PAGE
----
The title of this post puts it out more cleanly, but it’s still a rough, deep dive into my life.

For a long time I thought there was something wrong with me.

This belief was punctuated by the fact the people kept leaving me. I have severe abandonment issues. My wife will tell you that.

This started when my parents divorced. I was in third grade at the time. Its been a roller coaster since then.

Relationships start, they end and I wonder if there’s something I didn’t do. Something I didn’t do enough of, all of that kind of thing.

Abandonment is the big one for me.

Addiction is another aspect. I’ve been around alcohol for as long as I can remember. I raided my father’s vodka in junior high. I did this because I wanted an escape from the life I had.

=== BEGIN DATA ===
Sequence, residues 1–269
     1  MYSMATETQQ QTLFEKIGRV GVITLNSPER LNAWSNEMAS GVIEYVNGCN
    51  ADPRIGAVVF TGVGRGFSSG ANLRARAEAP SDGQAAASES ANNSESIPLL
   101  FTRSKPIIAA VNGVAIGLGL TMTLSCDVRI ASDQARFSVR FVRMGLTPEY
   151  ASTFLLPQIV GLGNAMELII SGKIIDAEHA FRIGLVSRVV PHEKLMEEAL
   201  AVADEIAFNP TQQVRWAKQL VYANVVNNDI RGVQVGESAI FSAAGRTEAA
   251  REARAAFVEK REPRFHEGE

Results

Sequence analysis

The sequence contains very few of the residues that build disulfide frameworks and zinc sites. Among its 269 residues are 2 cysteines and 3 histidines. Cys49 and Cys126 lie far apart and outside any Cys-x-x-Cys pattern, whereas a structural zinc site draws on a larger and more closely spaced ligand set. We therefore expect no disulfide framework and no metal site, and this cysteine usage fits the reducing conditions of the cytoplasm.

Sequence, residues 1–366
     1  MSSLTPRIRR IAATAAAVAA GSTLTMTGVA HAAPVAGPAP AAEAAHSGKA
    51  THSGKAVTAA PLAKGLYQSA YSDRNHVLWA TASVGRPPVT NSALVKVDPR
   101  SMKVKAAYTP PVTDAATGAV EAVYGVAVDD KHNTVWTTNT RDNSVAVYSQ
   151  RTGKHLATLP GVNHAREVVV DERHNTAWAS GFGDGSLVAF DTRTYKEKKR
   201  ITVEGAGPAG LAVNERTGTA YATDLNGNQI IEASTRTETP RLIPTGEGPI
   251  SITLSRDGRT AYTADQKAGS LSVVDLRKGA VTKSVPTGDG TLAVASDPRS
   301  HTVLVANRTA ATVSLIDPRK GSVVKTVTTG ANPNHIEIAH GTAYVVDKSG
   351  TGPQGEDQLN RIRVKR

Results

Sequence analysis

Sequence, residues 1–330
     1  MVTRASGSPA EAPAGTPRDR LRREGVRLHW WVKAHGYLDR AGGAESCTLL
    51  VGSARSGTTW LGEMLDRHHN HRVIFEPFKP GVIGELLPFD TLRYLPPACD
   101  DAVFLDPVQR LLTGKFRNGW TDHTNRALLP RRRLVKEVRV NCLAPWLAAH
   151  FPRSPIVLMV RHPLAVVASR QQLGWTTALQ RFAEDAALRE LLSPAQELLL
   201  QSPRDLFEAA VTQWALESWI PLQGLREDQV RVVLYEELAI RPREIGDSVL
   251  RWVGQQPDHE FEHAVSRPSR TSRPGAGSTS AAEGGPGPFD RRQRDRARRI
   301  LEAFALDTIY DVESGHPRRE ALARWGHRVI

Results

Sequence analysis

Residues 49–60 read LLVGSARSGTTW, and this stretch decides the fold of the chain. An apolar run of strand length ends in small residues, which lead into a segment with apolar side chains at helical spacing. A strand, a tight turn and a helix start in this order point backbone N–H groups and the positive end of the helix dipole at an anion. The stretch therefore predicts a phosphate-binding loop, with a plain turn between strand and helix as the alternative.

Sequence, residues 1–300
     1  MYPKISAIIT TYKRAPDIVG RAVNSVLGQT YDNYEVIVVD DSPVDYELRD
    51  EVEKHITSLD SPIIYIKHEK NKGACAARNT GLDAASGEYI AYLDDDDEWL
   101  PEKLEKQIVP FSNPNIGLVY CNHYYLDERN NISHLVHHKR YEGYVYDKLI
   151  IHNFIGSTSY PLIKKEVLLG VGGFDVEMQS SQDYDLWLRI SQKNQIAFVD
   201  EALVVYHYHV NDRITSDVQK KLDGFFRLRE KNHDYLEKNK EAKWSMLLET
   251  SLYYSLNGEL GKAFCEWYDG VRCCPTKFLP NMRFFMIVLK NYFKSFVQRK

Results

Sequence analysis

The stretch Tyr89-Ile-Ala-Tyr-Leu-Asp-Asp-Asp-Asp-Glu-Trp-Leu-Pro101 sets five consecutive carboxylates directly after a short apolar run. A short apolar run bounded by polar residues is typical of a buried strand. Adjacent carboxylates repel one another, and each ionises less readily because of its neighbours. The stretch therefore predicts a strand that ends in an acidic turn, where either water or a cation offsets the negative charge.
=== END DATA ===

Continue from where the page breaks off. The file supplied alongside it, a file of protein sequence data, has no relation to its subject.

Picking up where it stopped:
Later, alcohol became my way of dealing with everything. Girlfriend leaves, drink. Father is a dick and wants nothing to do with you, drink. Family disowns you, drink.

This has gone on long enough. I reached a point where I couldn’t put myself or my wife and kids through it.

I’ve always pushed things away. Buried them deep.

Maybe that’s why I write horror?

Better than anyone else!

This is the most recent, though it is the hardest to deal with. I gained some perspective on this one recently. I understood where the idea came from.

I watched a family member disown and abandon others. Caring only about themselves. They were the most important. What they wanted mattered. No one else’s feelings were important.

I’ve had to confront this one head on.

For a long time I wasn’t the husband and father I should’ve been.

I was exactly like the person I mentioned.

Today I understand that yes, I am important, but I am not as important as others. I am not that perfect snowflake. I can’t have everything be about me without consequences.

I almost paid the bill on that one with my marriage.